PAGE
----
Since the first day of the 2020 Artsakh War, in addition to spreading misinformation and panic-inducing news in mass media through fake and stolen accounts, generating artificial trends on Twitter and creating staged propaganda materials, the Azerbaijani side also resorted to the method of mirror replication.
Things the international media writes about, and the international community and the Armenian side accuse Azerbaijan of, Azerbaijan “discovers” about the Armenian side. Things that happen on the Armenian side are repeated in Azerbaijan.
A number of such instances are summarized below in chronological order, revealing one of the signature styles of Azerbaijani war propaganda.
Mirror 1: Mercenaries
Reports of mercenaries from Turkish-backed militant groups being sent to Azerbaijan from the north of Syria emerged following the Armenia-Azerbaijan clashes in July of this year.
First, the Arabic media wrote about it. Then on September 21, an audio recording was published by American journalist Lindsey Snell. Her source stated that, from September 27 to 30, 1000 men from the Turkish-backed Free Syrian Army were to be sent to Azerbaijan. In her tweet, the journalist also noted having heard from multiple sources that some were already there.
On September 23, the personal details of 50 mercenaries sent to Azerbaijan were published.
Over the days following the onset of the war on September 27, reputable international platforms such as The Guardian, The Investigative Journal, Novaya Gazeta, BBC, The New York Review, The Washington Post, France 24 and others wrote about the presence of mercenaries, one after another.
French President Emanuel Macron denounced the transfer of at least 300 Syrians from Turkish-backed jihadist groups to Azerbaijan. A few days later, similar statements and concerns were voiced by Russia, including by President Vladimir Putin himself.
The U.S. warned its citizens of a risk of terrorist attacks first in Turkey, and on the following day, in Azerbaijan. Iran announced that it would not allow the presence of terrorists in the vicinity of its borders.
Despite testimonies published in the media, leaked photos and videos of participating mercenaries, and political statements, Ankara and Baku officially deny the involvement of mercenaries.
On September 28, the Azerbaijani ambassador to Turkey decided that the Armenian sides were involving armed mercenaries. He alleged that Armenia had hired militia from the Turkey-based Kurdistan Workers’ Party (PKK) to train the Armenian side in Nagorno-Karabakh and recruited fighters from the Armenian Secret Army for the Liberation of Armenia (a terrorist group from the 1980s that has been defunct for decades). These were complete fabrications but played perfectly into the “both sides” blame game.
Mirror 2: Intercepted Conversations
On October 3, the National Security Service (NSS) of Armenia released some intercepted conversations proving the involvement of Turkey and mercenary-terrorists in the military operations.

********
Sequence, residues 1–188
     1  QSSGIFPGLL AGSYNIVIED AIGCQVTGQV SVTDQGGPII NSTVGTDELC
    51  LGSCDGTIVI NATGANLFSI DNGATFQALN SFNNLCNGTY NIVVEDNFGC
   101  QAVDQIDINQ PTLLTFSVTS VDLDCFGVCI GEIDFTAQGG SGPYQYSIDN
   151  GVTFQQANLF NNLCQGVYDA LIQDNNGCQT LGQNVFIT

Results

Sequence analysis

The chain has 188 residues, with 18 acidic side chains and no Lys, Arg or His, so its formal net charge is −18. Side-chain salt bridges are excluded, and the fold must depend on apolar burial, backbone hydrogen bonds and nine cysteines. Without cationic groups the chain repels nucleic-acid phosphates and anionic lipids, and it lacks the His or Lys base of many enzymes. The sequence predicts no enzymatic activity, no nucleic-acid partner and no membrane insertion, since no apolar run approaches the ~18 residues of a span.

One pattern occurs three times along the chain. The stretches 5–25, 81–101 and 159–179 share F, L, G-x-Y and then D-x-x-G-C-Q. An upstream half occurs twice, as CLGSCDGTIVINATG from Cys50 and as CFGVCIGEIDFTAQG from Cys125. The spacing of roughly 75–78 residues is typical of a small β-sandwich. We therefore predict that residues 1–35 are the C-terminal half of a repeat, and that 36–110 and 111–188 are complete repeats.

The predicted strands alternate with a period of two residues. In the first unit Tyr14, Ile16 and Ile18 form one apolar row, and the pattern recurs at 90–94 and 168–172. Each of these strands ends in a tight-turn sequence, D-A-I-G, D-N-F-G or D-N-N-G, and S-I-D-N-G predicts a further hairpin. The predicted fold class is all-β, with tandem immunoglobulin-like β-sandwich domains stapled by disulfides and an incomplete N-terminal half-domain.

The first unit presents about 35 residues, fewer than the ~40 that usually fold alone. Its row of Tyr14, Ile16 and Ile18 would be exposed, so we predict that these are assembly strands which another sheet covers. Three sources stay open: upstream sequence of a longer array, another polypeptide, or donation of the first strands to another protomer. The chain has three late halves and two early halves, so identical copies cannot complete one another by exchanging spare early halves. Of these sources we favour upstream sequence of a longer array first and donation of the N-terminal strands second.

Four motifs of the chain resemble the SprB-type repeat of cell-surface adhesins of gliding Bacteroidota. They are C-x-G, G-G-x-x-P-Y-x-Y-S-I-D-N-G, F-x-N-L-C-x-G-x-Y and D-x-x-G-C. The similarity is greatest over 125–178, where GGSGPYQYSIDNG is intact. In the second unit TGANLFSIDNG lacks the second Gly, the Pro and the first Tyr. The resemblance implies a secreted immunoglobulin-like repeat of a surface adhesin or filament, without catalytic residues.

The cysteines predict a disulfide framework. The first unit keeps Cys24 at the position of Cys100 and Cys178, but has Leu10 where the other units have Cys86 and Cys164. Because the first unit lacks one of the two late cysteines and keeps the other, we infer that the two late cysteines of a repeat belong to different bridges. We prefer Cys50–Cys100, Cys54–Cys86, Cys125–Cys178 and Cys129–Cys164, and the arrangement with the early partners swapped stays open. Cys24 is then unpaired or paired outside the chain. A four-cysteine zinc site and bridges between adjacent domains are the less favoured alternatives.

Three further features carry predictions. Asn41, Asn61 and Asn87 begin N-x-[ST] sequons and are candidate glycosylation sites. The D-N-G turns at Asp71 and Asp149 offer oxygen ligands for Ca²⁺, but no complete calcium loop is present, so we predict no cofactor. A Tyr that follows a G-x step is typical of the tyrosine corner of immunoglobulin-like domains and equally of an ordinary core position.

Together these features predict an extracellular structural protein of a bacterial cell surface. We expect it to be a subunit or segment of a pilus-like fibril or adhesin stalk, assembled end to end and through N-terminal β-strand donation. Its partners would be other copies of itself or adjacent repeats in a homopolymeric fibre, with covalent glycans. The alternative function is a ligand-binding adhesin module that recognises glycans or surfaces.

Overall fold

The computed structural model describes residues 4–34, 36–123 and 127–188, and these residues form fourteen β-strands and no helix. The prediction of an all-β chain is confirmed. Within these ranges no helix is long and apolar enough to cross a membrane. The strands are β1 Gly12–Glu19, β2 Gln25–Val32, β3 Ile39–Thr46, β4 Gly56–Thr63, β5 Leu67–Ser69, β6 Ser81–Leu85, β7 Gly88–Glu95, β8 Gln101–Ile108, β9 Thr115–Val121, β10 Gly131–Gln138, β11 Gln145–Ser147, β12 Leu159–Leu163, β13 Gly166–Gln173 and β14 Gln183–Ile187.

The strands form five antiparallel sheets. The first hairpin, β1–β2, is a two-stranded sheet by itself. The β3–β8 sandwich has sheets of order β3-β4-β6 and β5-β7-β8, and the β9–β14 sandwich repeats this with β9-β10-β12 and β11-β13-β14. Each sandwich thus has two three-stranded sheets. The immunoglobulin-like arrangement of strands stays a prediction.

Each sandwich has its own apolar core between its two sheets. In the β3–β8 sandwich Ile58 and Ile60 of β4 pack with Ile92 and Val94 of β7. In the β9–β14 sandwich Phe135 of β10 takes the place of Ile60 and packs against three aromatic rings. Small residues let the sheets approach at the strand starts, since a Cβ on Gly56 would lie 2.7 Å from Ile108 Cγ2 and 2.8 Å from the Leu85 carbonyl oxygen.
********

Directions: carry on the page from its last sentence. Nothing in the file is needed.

The content consisted of three parts. In the first part, certain coordinates are exchanged in Turkish and Azerbaijani. It is followed by a conversation between an Azerbaijani soldier and an Arab mercenary. The final part is a conversation between mercenaries.
Three days later, on October 6, the State Security Service of Azerbaijan released a 3-minute long video in Arabic. The supposedly intercepted content allegedly proves Baku and Ankara’s thesis that the Armenian side uses foreign mercenary-terrorists, in particular, Kurdish terrorists brought from Iraq and Syria, who are allegedly connected to the Kurdistan Workers’ Party.
The recording published by Azerbaijan is a mirror replication of the content published earlier by the Armenian side. For example, supposedly in reference to mercenaries who have just arrived in Artsakh, the person on location says, “They’ve come in vain, there are great losses and the situation is bad.” He then regrets coming himself.
The video is even careful to include an exchange in which one of them is enquiring about the presence of Turks on the battlefield (which, naturally, the interlocutor denies). This video is then presented as evidence that Turkey is not involved in the war.
The presence of Turkish F-16s was uncovered by the New York Times Visual Investigations specialist, despite continuous denial by Azerbaijan.
Mirror 3: Cluster Munitions
Footage of an attack on Stepanakert using cluster munitions was published on October 4. The following day, Amnesty International reported the use of an Israeli-made cluster bomb fired by Azerbaijan.
Cluster munitions scatter bomblets over a wide area. About a fifth of these fail to explode and pose an ongoing threat to civilians. This weapon is banned by the Convention on Cluster Munitions signed by more than 100 states. Armenia and Azerbaijan are not parties to this Convention.
Two days following this publication, late in the evening of October 6, Hikmet Hajiyev, Advisor to the President of Azerbaijan announced that Armenia had launched a cluster missile in the direction of the Baku-Tbilisi-Ceyhan oil pipeline. More than 300 cluster bombs had allegedly landed ten meters from the pipeline, but the pipeline had not been damaged in any way.